As many men have found to their cost the State does not honour its part of that deal. Many men have been treated so badly by the laws and institutions of this State that they have been driven to suicide, and many others wish they could summon up the courage to end the lives that the State has prescribed for them. These are men who have been subjected to the draconian misandrist laws and practices of the family-law system.
Comparing men’s lives today with men’s lives 40 years ago, I would have to say that in some ways their lives are better but that in some ways they are worse.
People’s lives generally have improved because of advances in technology, medical science and so on. I would estimate that more than 90 per cent these advances – and indeed all human advances since we lived in caves – have been due to the genius of men (as opposed to that of women). We are not allowed to say that, even though it is manifestly true.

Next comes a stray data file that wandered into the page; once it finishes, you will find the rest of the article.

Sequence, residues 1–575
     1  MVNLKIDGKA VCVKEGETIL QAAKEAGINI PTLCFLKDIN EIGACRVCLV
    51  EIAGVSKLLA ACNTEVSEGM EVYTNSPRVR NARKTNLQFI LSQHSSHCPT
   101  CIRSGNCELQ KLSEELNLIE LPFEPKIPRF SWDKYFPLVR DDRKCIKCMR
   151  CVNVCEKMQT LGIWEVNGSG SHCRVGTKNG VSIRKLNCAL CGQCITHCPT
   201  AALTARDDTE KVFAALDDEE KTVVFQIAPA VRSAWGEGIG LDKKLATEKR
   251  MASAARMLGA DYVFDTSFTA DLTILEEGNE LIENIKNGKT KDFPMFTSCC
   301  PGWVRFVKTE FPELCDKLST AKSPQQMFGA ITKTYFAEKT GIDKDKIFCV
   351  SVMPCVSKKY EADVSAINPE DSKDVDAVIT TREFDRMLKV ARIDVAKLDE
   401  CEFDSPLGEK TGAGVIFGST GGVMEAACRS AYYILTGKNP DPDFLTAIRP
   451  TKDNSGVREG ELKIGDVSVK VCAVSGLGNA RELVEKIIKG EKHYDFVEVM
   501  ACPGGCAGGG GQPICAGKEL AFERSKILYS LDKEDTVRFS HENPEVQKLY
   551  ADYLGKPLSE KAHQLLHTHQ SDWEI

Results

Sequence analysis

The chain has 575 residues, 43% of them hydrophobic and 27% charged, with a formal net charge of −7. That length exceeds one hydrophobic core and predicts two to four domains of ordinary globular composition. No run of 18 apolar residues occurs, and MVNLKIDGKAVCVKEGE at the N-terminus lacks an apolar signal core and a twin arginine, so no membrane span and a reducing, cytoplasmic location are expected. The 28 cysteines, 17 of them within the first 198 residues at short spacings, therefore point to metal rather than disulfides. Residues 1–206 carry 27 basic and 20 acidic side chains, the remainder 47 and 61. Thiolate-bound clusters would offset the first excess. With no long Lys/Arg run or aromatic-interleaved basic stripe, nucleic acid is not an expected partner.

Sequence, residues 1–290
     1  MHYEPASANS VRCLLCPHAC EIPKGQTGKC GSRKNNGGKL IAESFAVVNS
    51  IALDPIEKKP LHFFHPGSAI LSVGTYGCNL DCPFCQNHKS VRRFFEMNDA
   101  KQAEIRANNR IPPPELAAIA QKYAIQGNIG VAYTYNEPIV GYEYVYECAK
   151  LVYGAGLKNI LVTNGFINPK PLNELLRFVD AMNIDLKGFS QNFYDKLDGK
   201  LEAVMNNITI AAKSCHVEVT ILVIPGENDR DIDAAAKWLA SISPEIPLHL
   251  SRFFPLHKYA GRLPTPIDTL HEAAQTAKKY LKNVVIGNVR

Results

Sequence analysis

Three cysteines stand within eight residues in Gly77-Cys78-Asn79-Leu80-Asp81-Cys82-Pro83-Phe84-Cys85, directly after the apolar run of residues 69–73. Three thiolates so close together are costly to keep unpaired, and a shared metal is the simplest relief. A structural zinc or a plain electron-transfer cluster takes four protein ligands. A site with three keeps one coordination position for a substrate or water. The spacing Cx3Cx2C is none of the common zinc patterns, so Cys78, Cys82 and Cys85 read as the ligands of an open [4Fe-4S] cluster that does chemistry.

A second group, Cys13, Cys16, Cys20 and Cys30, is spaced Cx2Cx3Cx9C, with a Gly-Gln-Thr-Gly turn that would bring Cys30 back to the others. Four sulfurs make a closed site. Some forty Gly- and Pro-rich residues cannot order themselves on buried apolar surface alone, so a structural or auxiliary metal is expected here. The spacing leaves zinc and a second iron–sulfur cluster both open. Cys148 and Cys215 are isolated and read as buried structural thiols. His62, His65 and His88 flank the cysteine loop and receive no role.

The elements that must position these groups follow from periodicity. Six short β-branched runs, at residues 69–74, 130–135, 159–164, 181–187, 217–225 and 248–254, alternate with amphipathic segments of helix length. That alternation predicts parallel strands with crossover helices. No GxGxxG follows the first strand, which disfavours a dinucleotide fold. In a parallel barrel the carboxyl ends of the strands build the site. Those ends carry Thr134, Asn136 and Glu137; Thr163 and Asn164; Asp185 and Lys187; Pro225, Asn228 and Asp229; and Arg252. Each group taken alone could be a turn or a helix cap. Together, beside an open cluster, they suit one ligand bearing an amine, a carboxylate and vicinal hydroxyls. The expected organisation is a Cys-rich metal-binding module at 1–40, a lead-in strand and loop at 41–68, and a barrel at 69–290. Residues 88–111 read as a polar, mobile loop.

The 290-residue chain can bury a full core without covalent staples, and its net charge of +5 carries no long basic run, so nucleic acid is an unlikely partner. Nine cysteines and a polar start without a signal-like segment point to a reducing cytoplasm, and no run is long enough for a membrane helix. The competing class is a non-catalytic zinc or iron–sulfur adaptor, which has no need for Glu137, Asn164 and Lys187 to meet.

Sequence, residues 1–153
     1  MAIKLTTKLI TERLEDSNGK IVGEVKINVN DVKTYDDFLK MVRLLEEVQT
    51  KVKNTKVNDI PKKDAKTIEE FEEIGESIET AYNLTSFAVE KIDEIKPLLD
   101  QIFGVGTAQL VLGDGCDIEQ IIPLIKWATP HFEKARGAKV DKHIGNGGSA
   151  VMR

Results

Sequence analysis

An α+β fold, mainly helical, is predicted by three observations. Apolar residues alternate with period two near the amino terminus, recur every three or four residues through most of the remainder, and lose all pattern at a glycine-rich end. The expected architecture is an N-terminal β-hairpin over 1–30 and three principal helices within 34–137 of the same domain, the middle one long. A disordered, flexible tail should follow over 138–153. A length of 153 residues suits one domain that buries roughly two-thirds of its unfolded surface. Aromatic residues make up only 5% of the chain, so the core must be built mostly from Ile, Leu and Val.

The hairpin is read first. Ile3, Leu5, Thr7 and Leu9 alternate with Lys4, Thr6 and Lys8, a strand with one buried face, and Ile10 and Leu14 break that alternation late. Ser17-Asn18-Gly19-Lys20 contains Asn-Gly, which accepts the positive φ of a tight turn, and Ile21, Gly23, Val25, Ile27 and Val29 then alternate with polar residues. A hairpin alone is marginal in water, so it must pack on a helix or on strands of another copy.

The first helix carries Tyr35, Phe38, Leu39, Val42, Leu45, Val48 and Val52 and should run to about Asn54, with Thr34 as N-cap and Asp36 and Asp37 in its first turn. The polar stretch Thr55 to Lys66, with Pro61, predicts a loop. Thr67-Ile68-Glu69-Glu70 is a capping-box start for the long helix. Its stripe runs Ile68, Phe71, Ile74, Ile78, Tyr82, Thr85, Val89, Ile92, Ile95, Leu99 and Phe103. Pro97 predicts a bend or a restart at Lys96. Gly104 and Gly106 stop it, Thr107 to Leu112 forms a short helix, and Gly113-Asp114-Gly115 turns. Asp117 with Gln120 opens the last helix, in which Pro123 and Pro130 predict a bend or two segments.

Political correctness decrees that we cannot speak any truth that lauds men and not women but that we can, and must, make comments, true or untrue, that demonise men and praise women.
The feminist-dominated media will give prominence to pro-feminist men who collaborate in the demonisation of men and masculinity – a fact that will be very evident in this How to Be a Man project being run by The Irish Times. - Frank McGlynn
Men have more suicides, rough sleepers and workplace deaths
Despite the claims of many that the unrealistic expectations of the classical masculine role have been eroded, society still expects Irish men to “man up” and get on with things, just as it always has.
For example, a huge amount of the discussion surrounding male suicide paints men as being the chief architects of their own downfall, for being too “macho” to see a counsellor. But many men prefer to open up through alternative approaches, such as the extremely successful men’s sheds movement.